The colonel spoke with emphasis, and flung away his cigarette, and took up his hat to go.
And then, “I suppose,” said Miss Musgrave, absently, “you will be falling in love with her, just as you did with Anne Charteris and Aline Van Orden and all those other minxes. I would like to see you married, Rudolph, only I couldn’t stand your having a wife.”
“I! I!” sputtered the colonel. “I think you must be out of your head! I fall in love with that chit! Good Lord, Agatha, you are positively idiotic!”
And the colonel turned on his heel, and walked stiffly through the garden. But, when half-way down the path, he wheeled about and came back.
“I beg your pardon, Agatha,” he said, contritely, “it was not my intention to be discourteous. But somehow—somehow, dear, I don’t quite see the necessity for my falling in love with anybody, so long as I have you.”
And Miss Musgrave, you may be sure, forgave him promptly; and afterward—with a bit of pride and an infinity of love in her kind, homely face,—her eyes followed him out of the garden on his way to open the Library. And she decided in her heart that she had the dearest and best and handsomest brother in the universe, and that she must remember to tell him, accidentally, how becoming his new hat was. And then, at some unspoken thought, she smiled, wistfully.
“She would be a very lucky girl if he did,” said Miss Musgrave, apropos of nothing in particular; and tossed her grizzly head.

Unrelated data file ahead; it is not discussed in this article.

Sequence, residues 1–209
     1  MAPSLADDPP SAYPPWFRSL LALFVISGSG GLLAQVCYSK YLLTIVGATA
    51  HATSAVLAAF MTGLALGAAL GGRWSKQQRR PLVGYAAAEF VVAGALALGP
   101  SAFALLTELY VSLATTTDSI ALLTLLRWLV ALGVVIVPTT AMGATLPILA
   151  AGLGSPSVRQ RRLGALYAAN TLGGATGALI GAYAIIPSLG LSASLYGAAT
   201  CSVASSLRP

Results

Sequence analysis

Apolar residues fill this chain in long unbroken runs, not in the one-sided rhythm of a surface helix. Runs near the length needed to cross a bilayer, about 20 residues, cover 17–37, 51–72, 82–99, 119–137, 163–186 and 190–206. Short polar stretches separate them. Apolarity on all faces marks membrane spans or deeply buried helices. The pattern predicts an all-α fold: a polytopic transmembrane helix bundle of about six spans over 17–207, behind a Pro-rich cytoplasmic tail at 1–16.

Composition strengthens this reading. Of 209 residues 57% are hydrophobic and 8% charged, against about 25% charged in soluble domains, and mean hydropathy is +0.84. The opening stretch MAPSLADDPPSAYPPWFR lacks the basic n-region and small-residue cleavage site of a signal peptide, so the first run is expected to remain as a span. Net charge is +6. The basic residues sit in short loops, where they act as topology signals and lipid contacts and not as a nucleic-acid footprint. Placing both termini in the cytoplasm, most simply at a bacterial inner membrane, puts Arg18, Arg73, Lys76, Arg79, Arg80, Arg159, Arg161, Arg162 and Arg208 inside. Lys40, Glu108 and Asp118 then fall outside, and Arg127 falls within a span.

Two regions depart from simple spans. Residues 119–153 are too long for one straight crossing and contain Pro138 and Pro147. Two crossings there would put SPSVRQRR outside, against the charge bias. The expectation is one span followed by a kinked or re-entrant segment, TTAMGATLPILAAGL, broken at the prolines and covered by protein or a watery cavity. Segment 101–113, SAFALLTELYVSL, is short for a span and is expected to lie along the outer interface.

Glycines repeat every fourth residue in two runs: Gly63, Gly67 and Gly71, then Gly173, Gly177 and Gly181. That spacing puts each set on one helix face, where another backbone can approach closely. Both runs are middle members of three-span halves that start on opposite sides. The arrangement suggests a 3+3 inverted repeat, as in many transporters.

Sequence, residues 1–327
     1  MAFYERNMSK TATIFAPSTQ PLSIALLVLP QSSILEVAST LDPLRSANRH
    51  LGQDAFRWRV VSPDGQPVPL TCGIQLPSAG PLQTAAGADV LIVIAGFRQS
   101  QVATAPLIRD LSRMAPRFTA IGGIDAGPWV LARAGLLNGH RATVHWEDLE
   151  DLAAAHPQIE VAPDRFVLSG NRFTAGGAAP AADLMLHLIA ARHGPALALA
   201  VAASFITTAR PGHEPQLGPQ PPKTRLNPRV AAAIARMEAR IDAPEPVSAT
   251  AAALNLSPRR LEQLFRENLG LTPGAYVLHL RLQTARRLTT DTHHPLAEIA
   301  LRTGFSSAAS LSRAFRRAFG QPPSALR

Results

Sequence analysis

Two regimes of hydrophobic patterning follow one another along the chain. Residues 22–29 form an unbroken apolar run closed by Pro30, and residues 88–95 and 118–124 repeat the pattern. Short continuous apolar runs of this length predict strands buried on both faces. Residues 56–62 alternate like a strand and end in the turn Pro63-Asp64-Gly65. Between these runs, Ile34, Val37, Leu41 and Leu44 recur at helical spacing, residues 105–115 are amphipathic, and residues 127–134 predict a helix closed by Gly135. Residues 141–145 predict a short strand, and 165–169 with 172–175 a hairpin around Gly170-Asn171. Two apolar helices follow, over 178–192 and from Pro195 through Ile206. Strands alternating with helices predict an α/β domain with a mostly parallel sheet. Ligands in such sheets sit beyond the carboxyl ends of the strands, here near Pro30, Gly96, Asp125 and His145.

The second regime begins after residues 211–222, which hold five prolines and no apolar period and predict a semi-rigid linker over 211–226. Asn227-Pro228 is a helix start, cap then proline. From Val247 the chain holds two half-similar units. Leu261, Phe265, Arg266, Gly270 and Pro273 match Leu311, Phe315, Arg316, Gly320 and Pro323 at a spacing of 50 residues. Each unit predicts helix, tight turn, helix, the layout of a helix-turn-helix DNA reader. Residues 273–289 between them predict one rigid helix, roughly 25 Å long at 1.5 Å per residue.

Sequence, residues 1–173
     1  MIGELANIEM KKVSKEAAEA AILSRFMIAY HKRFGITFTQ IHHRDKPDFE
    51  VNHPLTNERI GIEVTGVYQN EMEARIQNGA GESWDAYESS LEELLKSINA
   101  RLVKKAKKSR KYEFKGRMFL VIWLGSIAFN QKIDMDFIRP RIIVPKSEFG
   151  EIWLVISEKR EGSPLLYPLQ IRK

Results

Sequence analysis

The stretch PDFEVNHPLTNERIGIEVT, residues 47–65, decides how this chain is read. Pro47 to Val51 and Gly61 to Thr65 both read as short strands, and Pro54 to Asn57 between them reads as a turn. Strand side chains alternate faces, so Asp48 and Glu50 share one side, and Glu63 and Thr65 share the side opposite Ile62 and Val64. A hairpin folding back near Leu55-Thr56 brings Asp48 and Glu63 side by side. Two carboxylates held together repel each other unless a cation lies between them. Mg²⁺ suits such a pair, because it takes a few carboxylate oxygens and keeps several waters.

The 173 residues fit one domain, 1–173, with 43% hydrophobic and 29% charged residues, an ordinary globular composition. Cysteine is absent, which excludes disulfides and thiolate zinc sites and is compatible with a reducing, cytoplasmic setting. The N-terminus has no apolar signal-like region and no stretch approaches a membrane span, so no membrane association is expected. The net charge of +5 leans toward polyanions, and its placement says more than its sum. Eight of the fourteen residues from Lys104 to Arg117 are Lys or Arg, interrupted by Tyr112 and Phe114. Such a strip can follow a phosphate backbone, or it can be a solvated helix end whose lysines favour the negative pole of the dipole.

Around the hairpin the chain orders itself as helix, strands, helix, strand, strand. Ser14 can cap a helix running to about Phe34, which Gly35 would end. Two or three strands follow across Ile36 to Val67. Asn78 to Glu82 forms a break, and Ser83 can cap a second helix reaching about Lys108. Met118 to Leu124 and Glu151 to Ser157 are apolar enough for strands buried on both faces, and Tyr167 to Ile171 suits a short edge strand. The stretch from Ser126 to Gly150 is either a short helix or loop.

“An earl, indeed!” said Miss Musgrave
And this is how it came about:
Patricia Vartrey (a second cousin once removed of Colonel Rudolph Musgrave’s), as the older inhabitants of Lichfield will volubly attest, was always a person who did peculiar things. The list of her eccentricities is far too lengthy here to be enumerated; but she began it by being born with red hair—Titian reds and auburns were undiscovered euphemisms in those days—and, in Lichfield, this is not regarded as precisely a lady-like thing to do; and she ended it, as far as Lichfield was concerned, by eloping with what Lichfield in its horror could only describe, with conscious inadequacy, as “a quite unheard-of person.”
Indisputably the man was well-to-do already; and from this nightmarish topsy-turvidom of Reconstruction the fellow visibly was plucking wealth. Also young Stapylton was well enough to look at, too, as Lichfield flurriedly conceded.
But it was equally undeniable that he had made his money through a series of commercial speculations distinguished both by shiftiness and daring, and that the man himself had been until the War a wholly negligible “poor white” person,—an overseer, indeed, for “Wild Will” Musgrave, Colonel Musgrave’s father, who was of course the same Lieutenant-Colonel William Sebastian Musgrave, C.S.A., that met his death at Gettysburg.